If it is necessary, however, to start from pure or very pure valve metal (as is the case, in particular, with foils of this metal), it is also possible within the scope of the invention to carry out the treatment of the metal with gaseous chalcogen compounds (in the case of the chalcogen sulfur this is preferably hydrogen sulfide). This is preferably effected by initially setting up a certain partial pressure of the gaseous chalcogen compound in the vacuum or inert gas receiver during the heat treatment of the metal, and maintaining this partial pressure for the duration of the treatment.
The simplest embodiment of the treatment according to the invention, of tantalum powder, for example, consists in mixing tantalum metal powder with chalcogen compounds, in particular sulfur compounds, or with finely divided elementary sulfur, which can, for example, be obtained very easily in a colloidal form.
The treatment, according to the invention, of the valve metal powder can, however, also be carried out effectively as an accompanying measure in the course of one of the known thermal agglomeration processes. This can be effected, for example, by passing a metered amount of gaseous sulfur compounds over the powder composition. It is also possible, however, to apply sulfur compounds or elementary sulfur to the valve metal powder by impregnation or mixing prior to agglomeration.
If gaseous chalcogen compounds are employed in the process according to the invention, hydrogen sulfide is preferred.
In addition, the treatment, according to the invention, of the valve metals can also be carried out as an accompaniment to the sintering process for valve metal anodes. This can be effected, for instance, by impregnating the green or pre-sintered anodes of valve metal powder, in particular tantalum powder, with solutions containing a chalcogen, in particular sulfur, and drying the anodes, or by carrying out the process of sintering the anodes with a metered addition of gaseous sulfur compounds, in particular hydrogen sulfide.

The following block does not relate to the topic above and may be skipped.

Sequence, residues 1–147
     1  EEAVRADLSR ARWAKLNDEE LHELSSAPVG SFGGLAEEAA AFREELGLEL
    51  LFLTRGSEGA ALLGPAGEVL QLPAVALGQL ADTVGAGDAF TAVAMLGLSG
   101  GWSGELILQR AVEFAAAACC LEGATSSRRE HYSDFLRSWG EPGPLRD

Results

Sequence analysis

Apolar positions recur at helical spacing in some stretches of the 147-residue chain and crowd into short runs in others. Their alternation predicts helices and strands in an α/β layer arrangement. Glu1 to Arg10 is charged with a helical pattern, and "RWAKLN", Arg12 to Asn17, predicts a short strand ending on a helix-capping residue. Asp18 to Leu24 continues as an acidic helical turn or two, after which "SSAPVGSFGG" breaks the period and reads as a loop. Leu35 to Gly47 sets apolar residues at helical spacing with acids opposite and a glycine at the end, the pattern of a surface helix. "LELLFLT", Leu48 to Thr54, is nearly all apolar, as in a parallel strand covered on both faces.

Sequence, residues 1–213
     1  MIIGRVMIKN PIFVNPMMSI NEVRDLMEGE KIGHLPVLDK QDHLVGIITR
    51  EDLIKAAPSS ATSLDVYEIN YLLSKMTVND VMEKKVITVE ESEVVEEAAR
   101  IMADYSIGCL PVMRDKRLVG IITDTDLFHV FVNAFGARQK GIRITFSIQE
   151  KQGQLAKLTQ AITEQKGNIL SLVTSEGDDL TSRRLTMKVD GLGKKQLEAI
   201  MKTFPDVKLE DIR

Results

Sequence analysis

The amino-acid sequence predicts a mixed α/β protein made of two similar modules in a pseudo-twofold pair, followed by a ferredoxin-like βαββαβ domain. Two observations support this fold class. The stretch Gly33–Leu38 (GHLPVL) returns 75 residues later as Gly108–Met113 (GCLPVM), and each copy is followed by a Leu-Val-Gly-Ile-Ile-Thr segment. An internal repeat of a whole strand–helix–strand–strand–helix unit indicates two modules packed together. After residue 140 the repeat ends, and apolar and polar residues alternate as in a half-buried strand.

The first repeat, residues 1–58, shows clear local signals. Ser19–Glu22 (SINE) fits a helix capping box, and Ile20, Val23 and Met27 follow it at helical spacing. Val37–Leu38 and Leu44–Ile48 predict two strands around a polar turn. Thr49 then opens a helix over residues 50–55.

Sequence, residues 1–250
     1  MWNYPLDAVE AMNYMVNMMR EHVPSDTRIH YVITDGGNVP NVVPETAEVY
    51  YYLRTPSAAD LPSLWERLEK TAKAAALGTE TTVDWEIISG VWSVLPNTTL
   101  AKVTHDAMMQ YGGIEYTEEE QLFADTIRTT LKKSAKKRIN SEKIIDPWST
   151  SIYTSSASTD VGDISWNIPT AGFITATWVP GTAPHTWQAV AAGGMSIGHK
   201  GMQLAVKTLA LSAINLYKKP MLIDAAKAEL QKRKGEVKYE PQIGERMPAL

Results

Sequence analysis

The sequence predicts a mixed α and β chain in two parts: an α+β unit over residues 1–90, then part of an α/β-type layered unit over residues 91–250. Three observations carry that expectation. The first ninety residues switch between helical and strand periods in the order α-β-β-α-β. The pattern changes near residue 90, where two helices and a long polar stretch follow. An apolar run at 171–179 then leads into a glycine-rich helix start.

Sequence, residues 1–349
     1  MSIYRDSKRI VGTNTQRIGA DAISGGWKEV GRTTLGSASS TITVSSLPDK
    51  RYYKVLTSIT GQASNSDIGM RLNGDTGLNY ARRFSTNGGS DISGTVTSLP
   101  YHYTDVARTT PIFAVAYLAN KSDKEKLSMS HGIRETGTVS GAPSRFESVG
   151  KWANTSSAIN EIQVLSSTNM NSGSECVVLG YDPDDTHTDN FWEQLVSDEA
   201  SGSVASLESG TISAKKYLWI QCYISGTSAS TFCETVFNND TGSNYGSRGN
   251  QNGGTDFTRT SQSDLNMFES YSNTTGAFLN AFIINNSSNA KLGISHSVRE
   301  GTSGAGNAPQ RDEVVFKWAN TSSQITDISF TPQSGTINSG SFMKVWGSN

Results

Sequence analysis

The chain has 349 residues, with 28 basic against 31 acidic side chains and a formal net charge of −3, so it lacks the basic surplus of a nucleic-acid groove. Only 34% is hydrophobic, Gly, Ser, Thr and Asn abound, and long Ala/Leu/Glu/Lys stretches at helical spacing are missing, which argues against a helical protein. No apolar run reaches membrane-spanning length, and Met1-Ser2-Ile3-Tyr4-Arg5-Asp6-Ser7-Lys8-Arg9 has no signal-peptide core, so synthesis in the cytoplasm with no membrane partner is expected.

Finally, the process according to the invention can also be combined with a deoxidizing heat treatment as specified in German Offenlegungsschrift No. 3,130,392, for example with an agglomeration process in the presence of reducing metals. In the event of an embodiment of this type, it is even possible to disregard a possible content of oxygen and/or alkali metal in the chalcogen compounds employed, i.e. it is possible, for example, also to employ salts of oxygen acids of the chalcogens, while at the same time increasing the amount of deoxidizing agent (reducing metals) pro rata, the oxygen content then being eliminated in a single operation.
The temperature selected for the heat treatment according to the invention depends on the nature of the chalcogen compound employed, the pyrolitic cleavage of which is decisive for the process under certain circumstances. In accordance with the invention, the temperature is between 300° and 2,000° C., 500° to 1,800° C. being preferred. If, for example, hydrogen sulfide is employed, a temperature of approx. 600° to 1,200° C. is preferable.